Robert Garnham on Frank O’Hara

Over the years I have been influenced and affected by many poets, and my own style, whatever that is, has been formed by immersing myself in the works of greater types. Those who have shown me how to express myself artistically remain as references, that I might ask myself how they have got round the usual problems we all encounter while writing. In the world of performance poetry, the humour and wordplay of Rachel Pantechnicon was an early indication of the joy and hilarity which exists all around us and how it can be applied to performance. And Byron Vincent demonstrates that words, words, words in all their brilliance, can combine with imagery, panache, performance, real life and deep humour to create something sublime of which I remain truly jealous.

Oh my.

But the biggest influence on my poetry is one which I seldom try to replicate. Frank O’Hara was a poet I’d discovered during my university years. Previous to reading him for the first time, I’d not been a fan of poetry, with the exception of Allen Ginsberg. O’Hara’s words – and the fact that he was seen as worth of study- had a profound impact on my understanding of what poetry is and what it can be about. His poems are about everyday life in a major city, meeting friends, parties, culture, gay society, relationships, sex, bonhomie, art, and enjoying life to the full.

O’Hara came to me at just the right time. Very quickly, I read almost everything he’d written, from Lunch Poems to Meditations In An Emergency, a line from which sums up my own feelings about metropolitan society. ‘I can’t even enjoy a blade of grass unless I know there’s a subway handy, or a record store, or some other sign that people do not totally regret life’.

O’Hara’s oeuvre remains famous now mainly because of his so-called ‘I do this I do that’ poems, usually written during his lunch hour while he was working at the Museum of Modern Art in New York. These poems describe the minutiae of his life, details which incorporate both high and low culture. One of his most famous ‘I do this I do that’ poems is ‘A Step Away From Them’. (1956).

It’s my lunch hour, so I go
for a walk among the hum-colored
cabs. First, down the sidewalk
where laborers feed their dirty
glistening torsos sandwiches
and Coca-Cola, with yellow helmets
on. They protect them from falling
bricks, I guess. Then onto the
avenue where skirts are flipping
above heels and blow up over
grates. The sun is hot, but the
cabs stir up the air. I look
at bargains in wristwatches. There
are cats playing in sawdust.

(…)

Neon in daylight is a
great pleasure, as Edwin Denby would
write, as are light bulbs in daylight.
I stop for a cheeseburger at JULIET’S
CORNER. Giulietta Masina, wife of
Federico Fellini, è bell’ attrice.
And chocolate malted. A lady in
foxes on such a day puts her poodle
in a cab.
There are several Puerto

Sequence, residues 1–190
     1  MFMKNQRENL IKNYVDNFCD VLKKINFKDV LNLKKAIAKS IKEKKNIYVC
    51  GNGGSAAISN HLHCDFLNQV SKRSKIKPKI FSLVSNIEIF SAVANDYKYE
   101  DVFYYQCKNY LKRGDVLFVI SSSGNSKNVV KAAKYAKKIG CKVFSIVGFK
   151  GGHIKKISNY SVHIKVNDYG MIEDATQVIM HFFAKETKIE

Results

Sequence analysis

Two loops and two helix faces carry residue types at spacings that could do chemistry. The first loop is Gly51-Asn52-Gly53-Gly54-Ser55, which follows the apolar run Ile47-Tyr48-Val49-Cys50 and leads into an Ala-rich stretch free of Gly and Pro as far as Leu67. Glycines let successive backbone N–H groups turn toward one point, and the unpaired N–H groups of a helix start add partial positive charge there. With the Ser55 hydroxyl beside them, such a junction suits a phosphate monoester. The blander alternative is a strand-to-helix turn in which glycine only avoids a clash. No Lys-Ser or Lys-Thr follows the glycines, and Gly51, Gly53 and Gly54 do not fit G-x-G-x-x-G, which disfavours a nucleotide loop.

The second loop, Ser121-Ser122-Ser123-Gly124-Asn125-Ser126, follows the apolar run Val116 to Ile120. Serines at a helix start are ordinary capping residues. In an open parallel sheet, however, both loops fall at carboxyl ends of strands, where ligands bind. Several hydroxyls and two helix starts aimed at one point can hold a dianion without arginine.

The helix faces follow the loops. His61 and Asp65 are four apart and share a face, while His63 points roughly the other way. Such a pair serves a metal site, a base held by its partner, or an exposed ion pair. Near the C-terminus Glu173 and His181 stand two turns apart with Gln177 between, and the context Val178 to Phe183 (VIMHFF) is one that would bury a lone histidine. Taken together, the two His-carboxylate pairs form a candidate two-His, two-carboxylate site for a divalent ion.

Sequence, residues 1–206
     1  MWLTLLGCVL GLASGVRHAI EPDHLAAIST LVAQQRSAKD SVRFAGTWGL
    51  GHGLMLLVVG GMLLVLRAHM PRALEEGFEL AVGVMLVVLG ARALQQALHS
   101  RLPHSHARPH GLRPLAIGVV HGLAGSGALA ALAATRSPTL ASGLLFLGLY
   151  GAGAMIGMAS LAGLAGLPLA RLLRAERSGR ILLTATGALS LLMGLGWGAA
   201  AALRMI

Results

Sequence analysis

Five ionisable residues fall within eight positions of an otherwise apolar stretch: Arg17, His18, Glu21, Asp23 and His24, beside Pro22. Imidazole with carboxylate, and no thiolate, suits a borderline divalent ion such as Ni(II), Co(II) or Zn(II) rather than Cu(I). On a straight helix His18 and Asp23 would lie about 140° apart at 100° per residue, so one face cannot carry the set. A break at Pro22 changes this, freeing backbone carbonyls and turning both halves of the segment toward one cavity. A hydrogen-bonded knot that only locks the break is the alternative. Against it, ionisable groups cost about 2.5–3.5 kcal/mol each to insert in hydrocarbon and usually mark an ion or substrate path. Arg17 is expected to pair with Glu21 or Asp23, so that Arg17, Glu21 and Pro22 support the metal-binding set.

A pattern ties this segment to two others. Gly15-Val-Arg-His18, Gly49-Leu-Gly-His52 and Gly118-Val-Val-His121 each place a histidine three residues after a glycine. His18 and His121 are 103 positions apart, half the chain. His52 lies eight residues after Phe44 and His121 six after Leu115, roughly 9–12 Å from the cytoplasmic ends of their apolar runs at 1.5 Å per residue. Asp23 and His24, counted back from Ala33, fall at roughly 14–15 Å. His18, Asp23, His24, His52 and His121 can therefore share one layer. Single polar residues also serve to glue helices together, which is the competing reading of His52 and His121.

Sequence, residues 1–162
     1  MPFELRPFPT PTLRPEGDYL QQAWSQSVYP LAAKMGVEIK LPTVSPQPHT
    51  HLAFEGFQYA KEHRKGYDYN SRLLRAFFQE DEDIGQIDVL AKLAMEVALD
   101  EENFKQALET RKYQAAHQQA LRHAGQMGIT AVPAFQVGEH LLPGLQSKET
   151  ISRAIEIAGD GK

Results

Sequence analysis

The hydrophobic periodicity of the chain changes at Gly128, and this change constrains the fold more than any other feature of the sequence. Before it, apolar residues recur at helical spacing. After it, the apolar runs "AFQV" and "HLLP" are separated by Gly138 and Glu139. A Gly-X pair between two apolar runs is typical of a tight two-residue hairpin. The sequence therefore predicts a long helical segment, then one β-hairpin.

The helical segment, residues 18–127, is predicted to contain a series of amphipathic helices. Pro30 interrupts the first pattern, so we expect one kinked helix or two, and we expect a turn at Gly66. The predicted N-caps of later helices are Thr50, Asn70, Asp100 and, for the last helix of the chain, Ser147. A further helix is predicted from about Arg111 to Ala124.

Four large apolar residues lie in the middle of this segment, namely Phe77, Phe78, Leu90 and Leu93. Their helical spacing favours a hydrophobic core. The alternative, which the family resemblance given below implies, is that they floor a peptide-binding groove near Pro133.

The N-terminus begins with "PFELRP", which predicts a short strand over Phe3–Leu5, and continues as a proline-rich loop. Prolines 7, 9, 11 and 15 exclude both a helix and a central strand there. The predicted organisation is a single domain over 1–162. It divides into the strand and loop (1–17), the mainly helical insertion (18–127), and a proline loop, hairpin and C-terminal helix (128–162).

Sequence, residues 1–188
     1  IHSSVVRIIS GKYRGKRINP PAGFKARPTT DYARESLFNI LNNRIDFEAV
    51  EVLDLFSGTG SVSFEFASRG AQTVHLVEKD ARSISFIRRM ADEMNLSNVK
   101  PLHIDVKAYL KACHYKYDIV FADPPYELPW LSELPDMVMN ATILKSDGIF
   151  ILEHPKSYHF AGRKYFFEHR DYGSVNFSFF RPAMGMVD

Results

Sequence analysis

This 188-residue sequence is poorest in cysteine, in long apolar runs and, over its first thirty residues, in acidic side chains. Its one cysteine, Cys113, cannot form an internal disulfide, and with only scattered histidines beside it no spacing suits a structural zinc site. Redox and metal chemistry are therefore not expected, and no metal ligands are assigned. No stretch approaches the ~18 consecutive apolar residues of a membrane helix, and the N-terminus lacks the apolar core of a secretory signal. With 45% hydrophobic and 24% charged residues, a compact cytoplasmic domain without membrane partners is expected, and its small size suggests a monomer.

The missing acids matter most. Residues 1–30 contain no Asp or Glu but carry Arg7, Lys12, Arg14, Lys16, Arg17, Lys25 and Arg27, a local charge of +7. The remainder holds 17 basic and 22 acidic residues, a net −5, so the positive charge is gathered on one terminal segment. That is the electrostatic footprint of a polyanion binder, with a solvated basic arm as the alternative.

Ricans on the avenue today, which
makes it beautiful and warm. First
Bunny died, then John Latouche,
then Jackson Pollock. But is the
earth as full as life was full, of them?
And one has eaten and one walks,
past the magazines with nudes
and the posters for BULLFIGHT and
the Manhattan Storage Warehouse,
which they’ll soon tear down. I
used to think they had the Armory
Show there.
A glass of papaya juice
and back to work. My heart is in my
pocket, it is Poems by Pierre Reverdy.

This poem is filled with what some might describe as ‘low culture’, mentioning Coca Cola and cheeseburgers, neon, and builders with dirty, glistening torsos. But it also mentions abstract expressionist painters, many of whom were friends of the poet, Federico Fellini and Pierre Reverdy. It was this mix of different cultures, this self-curating, this very admittance that there really is no difference between one art form and another, or one way of living ones life and another, which struck me as so totally at odds with literary study and it’s cañon. It also helped that he was eating burgers and looking at builders with their shirts off.

If Frank taught me anything, it was how to end a poem. This sometimes seems the most difficult thing to do while writing, but O’Haras poems often end on the last line surprise, the stunning send-off. Every time I come to the last line of a poem, I always wonder WWFD?

I could write about Frank O’Hara all evening.

In a couple of weeks I shall be forty, which is the age O’Hara reached before he was wiped out by a dune buggy while walking in the dark on Fire Island in 1966. I hope to live for much longer. Like Frank, I’m surrounded by creative types and friends. Like Frank, I have to fit my poetry and writing in to the humdrum of having a full time job. Of all the writers and poets I’ve studied over the years both for university and college and for private interest, it is O’Hara whose life and philosophy seem most to mirror my own.

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